This past Thursday evening I found myself driving in a numb panic to the home of one of my few. Just a few hours earlier, I was in the middle of my toddler’s weekly trip to library story time when I received a call from one of my small group girls.
“Lauren? Kate’s sister was killed in a car accident last night. What should we do??”
The next few hours were a frantic blur—thirty minutes of desperate hope to debunk this possible rumor, realizing it was in fact true, and a couple hours of calling each one of my few to let them know what had happened. Still, I could not answer the question, “What should we do??”
All deaths are tragic. And it’s difficult (and dangerous) to quantify tragedy, but can I be so bold as to say this death was more tragic than some? When I lost my grandmother in November of last year, it was tragic. Our family said goodbye to its true matriarch and we felt a sincere loss. But my grandmother lived a full life of 94 years so it was easy for us to celebrate her and know it was time for her to be with God.
Kate’s sister, however, was only given 23 years on earth. And in the wake of her death, she left Kate suddenly without a sibling, her mother and father without their firstborn child and her three-year-old son without his mother.
So when Kate’s family asked if I could come and pray with them that night, I panicked. Of course, I agreed to come (and brought more food than any one family could possibly eat over the course of two weeks) but I could not, for the life of me, think of one thing to say to a little sister who lost her only sibling or to a mother and father grieving their first-born child. Still, the moment drew nearer when I would knock at the door of 430 Waterfall Way and be face-to-face with this crumbling family.
480 Waterfall Way…
What am I going to say to this family??
470 Waterfall Way…
It wasn’t her time to go.
460 Waterfall Way…
She didn’t live a full life.
450 Waterfall Way…
They don’t want her to be in a “better place”.
440 Waterfall Way…
They can’t even answer the question “how are you” right now.
430 Waterfall Way…
I’ve got nothing.
It was a terrifying and humbling walk up the driveway. This family asked me—the small group leader, not the lead pastor, not the youth minister, not the deacon grandfather—to come and pray for them. But I had no idea what I was going to say when they opened the door, much less how I would publically talk to God about the tragedy when I hadn’t even sorted out my theological thoughts about it myself.
The good news was Kate’s family didn’t need theological reassurances. They didn’t need answers. They needed someone to simply grieve with them.
When you lead small, when you sign up to invest in the lives of a few, you will face tragedy. It may not happen in the next few years. But the more lives you invest in, and the longer you invest in those lives, the higher the likelihood of facing tragedy. And as an SGL, you are the church to your few. When they face tragedies, you are most likely their closest and most significant link to the church. So, the question remains, what should we do?? I am in no way an expert on this topic, having only stared in the face of one tragedy but here is what I found to be helpful when death happens:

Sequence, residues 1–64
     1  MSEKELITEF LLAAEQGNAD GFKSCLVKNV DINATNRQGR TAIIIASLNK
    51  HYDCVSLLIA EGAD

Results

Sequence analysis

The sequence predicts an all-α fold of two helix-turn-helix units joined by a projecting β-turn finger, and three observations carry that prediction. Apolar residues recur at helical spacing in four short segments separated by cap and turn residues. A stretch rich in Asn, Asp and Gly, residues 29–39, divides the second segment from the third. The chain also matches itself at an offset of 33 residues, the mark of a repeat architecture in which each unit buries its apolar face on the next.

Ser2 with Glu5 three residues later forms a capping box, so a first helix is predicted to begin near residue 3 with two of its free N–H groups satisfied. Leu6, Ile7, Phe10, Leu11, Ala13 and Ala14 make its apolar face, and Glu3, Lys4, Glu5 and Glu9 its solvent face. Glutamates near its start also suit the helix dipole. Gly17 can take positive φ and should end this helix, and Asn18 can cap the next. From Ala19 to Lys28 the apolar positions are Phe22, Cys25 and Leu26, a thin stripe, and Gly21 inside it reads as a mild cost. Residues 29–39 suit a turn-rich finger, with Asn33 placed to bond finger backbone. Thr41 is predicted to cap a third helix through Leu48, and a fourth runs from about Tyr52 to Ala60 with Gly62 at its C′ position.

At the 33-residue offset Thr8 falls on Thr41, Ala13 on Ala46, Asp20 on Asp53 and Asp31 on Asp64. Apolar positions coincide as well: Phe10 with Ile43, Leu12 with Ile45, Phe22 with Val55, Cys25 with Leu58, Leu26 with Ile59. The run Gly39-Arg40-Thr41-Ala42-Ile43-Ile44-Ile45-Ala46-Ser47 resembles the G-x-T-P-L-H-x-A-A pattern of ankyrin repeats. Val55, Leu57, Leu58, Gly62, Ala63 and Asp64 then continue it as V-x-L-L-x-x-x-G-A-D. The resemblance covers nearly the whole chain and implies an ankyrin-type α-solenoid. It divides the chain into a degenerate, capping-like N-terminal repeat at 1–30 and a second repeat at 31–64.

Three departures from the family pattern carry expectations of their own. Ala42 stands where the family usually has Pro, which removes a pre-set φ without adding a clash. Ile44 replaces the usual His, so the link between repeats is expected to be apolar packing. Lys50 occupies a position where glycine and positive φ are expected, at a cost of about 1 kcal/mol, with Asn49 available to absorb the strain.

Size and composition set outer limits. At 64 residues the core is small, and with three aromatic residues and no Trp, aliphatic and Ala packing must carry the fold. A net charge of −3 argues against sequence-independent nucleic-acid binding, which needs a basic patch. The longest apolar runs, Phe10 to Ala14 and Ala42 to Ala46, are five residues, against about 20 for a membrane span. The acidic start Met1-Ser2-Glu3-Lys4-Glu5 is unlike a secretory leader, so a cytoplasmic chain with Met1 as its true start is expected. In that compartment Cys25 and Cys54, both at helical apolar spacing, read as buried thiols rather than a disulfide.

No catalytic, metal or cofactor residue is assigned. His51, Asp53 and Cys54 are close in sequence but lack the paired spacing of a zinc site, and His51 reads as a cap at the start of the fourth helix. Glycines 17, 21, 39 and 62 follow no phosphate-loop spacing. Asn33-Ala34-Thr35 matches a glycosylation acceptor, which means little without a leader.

- Silence and a firm hug go a long way. The best way to be there for your few is by simply being there.
- Don’t wait for the grieving to tell you what they need. Be the one to consistently reach out.
- There will come a time, in a few years, when you can talk about God’s plan or how He can redeem this tragedy. However, it’s not an easily accepted truth or comfort right away.
- Loved ones should not be expected to “be strong”. It’s okay (and comforting) to cry hard.
- God can take our raw, honest emotions. If you’re too angry to talk to God, scream at Him.
When you lead small, especially over time, someone will experience tragedy. When you begin to wonder why you put your own kids in childcare so you can give that precious time to your few, when you cut your vacation short because you “have to be back for Sunday”, when you take time off work for sleepless weekends and practical jokes, you are investing in your few for the day they face their tragedy. Because the truth is, some weeks matter more than others. It may not make sense in the moment why you are saying yes to repetitive prayer requests instead of dinner with the relatives who are only in town twice a year. But when you show up in consistently in the lives of your few, you build a relational foundation that will hold in the weeks like this one—the weeks that just matter more. And even if you don’t have all the answers, your presence alone will make all the difference.